Twelve SBV-naive calves were assigned to three groups of four animals each. Calves in group 1 (C03-C06) were subcutaneously injected with 1 mL of serum obtained from C01, while calves in group 2 (C07-C10) received 2 × 107 TCID50 of culture-grown virus. Animals in group 3 (C11-C14) were injected with phosphate-buffered saline (PBS) and kept as controls.
Following the inoculation, the animals were monitored for the presence of clinical signs every day, rectal body temperatures were measured daily and serum samples were taken daily during the first eight days and weekly thereafter. RNA was extracted using the MagNA Pure LC Total Nucleic Acid Isolation Kit for automated extraction (Roche Diagnostics Deutschland GmbH, Mannheim, Germany) according to the manufacturer’s recommendations. SBV genome load in the samples was determined by S segment-specific RT-qPCR as described previously  with an external standard based on the S genome segment; at its peak, the difference between the groups was statistically evaluated with a t-test. Serological data was collected at weekly intervals using a commercially available ELISA kit (ID Screen® Schmallenberg virus Indirect ELISA kit, IDvet, Montpellier, France). A diverse panel of tissue samples (e.g. lymphnodes, spleen) was taken at necropsy on days 24 or 25; they were homogenized and tested for the presence of SBV RNA by RT-qPCR.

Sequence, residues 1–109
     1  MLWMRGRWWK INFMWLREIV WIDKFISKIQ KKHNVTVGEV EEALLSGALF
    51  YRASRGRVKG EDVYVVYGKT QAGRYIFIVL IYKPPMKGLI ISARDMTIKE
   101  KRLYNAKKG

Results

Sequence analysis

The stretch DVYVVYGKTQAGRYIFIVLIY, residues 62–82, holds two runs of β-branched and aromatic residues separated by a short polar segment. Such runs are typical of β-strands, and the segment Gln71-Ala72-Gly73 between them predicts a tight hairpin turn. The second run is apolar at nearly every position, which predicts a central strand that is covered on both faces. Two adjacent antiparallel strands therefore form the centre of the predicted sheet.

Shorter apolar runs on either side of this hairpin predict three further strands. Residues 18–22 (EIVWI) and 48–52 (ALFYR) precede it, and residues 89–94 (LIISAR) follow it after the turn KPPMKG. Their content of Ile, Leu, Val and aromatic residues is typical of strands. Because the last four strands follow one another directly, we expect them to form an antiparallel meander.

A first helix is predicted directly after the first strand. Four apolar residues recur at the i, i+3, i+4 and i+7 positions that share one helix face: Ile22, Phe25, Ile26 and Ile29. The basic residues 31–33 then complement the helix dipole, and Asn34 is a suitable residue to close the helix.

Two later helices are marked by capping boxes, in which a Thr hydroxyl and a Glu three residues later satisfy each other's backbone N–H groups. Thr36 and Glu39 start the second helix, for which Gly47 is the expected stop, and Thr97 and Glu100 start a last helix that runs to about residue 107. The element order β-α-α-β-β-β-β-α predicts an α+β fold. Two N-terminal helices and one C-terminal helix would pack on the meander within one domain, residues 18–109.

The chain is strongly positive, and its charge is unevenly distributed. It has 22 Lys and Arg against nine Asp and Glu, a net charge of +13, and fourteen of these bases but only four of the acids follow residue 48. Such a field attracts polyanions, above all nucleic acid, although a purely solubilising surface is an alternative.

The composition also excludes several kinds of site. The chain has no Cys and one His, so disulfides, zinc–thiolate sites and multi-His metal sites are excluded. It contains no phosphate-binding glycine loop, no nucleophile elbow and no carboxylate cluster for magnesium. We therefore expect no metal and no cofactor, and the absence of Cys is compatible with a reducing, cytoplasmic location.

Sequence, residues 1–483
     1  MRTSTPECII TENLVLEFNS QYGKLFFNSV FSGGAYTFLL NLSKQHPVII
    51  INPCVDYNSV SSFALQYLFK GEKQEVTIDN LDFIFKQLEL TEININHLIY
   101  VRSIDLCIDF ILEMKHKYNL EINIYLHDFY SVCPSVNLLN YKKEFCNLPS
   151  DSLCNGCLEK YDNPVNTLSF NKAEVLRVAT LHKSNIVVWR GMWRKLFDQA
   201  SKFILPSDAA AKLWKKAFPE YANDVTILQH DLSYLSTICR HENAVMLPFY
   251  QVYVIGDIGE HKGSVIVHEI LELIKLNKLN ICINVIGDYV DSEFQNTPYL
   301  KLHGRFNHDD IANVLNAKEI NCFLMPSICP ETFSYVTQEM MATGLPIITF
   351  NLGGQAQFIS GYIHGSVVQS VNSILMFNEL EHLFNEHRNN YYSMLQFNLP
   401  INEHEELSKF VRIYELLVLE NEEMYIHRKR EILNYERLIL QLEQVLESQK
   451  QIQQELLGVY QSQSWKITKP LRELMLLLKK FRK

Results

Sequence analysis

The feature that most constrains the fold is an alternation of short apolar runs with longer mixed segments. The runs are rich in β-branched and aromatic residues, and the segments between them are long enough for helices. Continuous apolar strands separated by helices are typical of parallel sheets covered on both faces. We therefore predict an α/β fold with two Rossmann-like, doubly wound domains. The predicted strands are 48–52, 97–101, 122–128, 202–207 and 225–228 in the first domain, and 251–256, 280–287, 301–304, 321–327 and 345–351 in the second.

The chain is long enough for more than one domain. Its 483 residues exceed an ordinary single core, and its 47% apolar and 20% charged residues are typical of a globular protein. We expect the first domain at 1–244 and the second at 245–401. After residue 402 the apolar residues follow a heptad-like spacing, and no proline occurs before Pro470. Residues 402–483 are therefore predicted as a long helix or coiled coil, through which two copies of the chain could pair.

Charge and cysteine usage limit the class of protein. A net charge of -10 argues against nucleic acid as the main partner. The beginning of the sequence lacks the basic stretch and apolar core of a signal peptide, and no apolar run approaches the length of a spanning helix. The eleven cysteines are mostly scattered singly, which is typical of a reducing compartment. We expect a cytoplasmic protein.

In vivo titration of infectious serum
In a subsequent in vivo titration experiment two calves received the undiluted serum of C01 (group A, C15-C16), while groups of three calves each were given dilutions of 1/10 (group B, C17-C19), 1/100 (group C, C20-C22) and 1/1000 (group D, C23-C25) in sterile PBS, respectively. Serum samples were taken at days 1 to 7 and 21; they were tested for SBV RNA and SBV-specific antibodies as described above.
Comparison of cell culture supernatant and infectious serum as inoculum
SBV RNA was not detected in the control animals at any time. Fever was not observed in any animal, but C08 developed mild diarrhea for two days.